The beginning in1972 of a dialogue with South Korea, the annual visits of certain personalities in the party and state leadership from the Democratic People's Republic of Korea to numerous countries in Europe, Asia, Africa and Latin America, the efforts of the Democratic People's Republic of Korea to influence as many countries as possible to be able to counter the actions of the South, the creation of friendship associations in all countries where such a thing was possible as well as the more flexible foreign policy promoted in the last 2-3 years resulted in the recognition of the Democratic People's Republic of Korea by an increasing number of countries and to its accession to different international organizations. Therefore, only in 1973, the Democratic People's Republic of Korea established diplomatic relations with 12 countries, joined the World Health Organization and the Interparliamentary Union, opened a permanent observer office at the United Nations and took part, for the first time, in the workings of the General Assembly of the United Nations as an observer. In 1974, the Democratic People's Republic of Korea established diplomatic relations with Gabon, Costa Rica, Nepal and Guyana, it joined the World Postal Union and the International Atomic Energy Agency, and it took part for the first time in the UN Conference on Maritime Law, in Caracas.

The number of countries with which the Democratic People's Republic of Korea currently has diplomatic and consular relations rises to approximately 70, and the number of countries with which the Democratic People's Republic of Korea currently has economic relations is over 80.

The recent proposal of the Democratic People's Republic of Korea (dating back to March 1974) is to replace the 1953 armistice with a Korean-American peace treaty, which must comprise the following provisions:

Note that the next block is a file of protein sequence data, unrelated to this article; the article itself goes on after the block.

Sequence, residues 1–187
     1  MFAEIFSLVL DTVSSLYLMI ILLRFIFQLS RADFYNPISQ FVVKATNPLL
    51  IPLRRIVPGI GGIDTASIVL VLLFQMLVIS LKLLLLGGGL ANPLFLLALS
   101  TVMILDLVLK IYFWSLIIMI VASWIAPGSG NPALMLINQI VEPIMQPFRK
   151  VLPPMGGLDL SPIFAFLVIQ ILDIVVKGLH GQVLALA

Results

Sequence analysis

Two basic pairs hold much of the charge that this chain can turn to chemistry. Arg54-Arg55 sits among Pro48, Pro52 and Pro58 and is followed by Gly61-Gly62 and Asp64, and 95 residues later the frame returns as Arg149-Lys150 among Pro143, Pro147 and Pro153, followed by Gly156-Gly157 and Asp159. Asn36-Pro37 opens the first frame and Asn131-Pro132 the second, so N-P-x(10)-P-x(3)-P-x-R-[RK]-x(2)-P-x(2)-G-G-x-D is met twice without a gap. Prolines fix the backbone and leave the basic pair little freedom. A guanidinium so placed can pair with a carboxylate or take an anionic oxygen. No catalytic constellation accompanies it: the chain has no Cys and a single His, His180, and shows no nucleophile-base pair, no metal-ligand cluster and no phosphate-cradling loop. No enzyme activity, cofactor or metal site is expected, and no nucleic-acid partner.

• That the United States commits not to obstruct the peaceful and independent reunification of Korea;
  • That both sides end the arms races;
  • That foreign troops stationed in South Korea cease to be considered as UN troops and then that these troops are withdrawn.

It did not trigger any particular echo, not even amongst socialist countries. The American reaction was limited, for the time being, to a statement from the spokesman of the Department of State, which said that “by requesting the negotiation of a peace treaty with the United States of America, the Democratic People's Republic of Korea is planning to exclude South Korea from the negotiations, which the United States cannot accept.”

The Relations of the Democratic People's Republic of Korea with the USSR and with the People’s Republic of China

With the emergence and especially with the aggravation of the Sino-Soviet divergences, the Democratic People's Republic of Korea sought to promote an independent line and to stay out of public disagreements, without always being able to do so.

Therefore, between 1963 and 1965 Korean-Soviet relations were noticeably tense. The North Korean media published several materials in which the Democratic People's Republic of Korea expressed its official discontent towards the manner in which the history of Korea was presented in the Soviet encyclopedia as well as towards the manner in which the “Economic Seminar” in Pyongyang was presented in the Soviet press.

Between 1966 and 1967, on the one hand, there was a rapprochement of the Democratic People's Republic of Korea towards the Soviet Union, from which North Korea received substantial economic aid, and, on the other hand, relations with the People’s Republic of China stalled. The Korean media released certain materials in which it expressed its discontent and disapproval towards the criticism put forward during the Cultural Revolution with respect to the North Korean leadership.

After the visits of Choe Yong-geon [Choe Yong Gon] in the People’s Republic of China (in 1969) and after the visit of Zhou Enlai to the Democratic People's Republic of Korea (1970), Korean-Chinese relations have experienced a process of continuous improvement. At the same time, there is a simultaneous reserve in the relations between the Democratic People's Republic of Korea and the USSR.

Officially it is said that the Democratic People's Republic of Korea has good relations with both countries.

[…]

July 18, 1974

Written by Izidor Urian

Typed by Sirbu, C.

3 copies